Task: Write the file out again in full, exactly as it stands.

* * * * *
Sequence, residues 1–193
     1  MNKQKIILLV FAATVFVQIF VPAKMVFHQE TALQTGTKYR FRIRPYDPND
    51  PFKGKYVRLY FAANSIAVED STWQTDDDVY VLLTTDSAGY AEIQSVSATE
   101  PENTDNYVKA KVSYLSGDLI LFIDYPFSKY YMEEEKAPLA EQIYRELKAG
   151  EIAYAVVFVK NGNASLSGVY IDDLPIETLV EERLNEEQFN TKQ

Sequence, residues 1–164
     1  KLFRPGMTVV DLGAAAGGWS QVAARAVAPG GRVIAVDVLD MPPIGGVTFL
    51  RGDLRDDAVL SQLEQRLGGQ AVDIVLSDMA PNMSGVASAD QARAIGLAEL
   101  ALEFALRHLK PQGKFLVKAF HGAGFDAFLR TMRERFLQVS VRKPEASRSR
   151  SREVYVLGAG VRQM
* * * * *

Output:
Sequence, residues 1–193
     1  MNKQKIILLV FAATVFVQIF VPAKMVFHQE TALQTGTKYR FRIRPYDPND
    51  PFKGKYVRLY FAANSIAVED STWQTDDDVY VLLTTDSAGY AEIQSVSATE
   101  PENTDNYVKA KVSYLSGDLI LFIDYPFSKY YMEEEKAPLA EQIYRELKAG
   151  EIAYAVVFVK NGNASLSGVY IDDLPIETLV EERLNEEQFN TKQ

Sequence, residues 1–164
     1  KLFRPGMTVV DLGAAAGGWS QVAARAVAPG GRVIAVDVLD MPPIGGVTFL
    51  RGDLRDDAVL SQLEQRLGGQ AVDIVLSDMA PNMSGVASAD QARAIGLAEL
   101  ALEFALRHLK PQGKFLVKAF HGAGFDAFLR TMRERFLQVS VRKPEASRSR
   151  SREVYVLGAG VRQM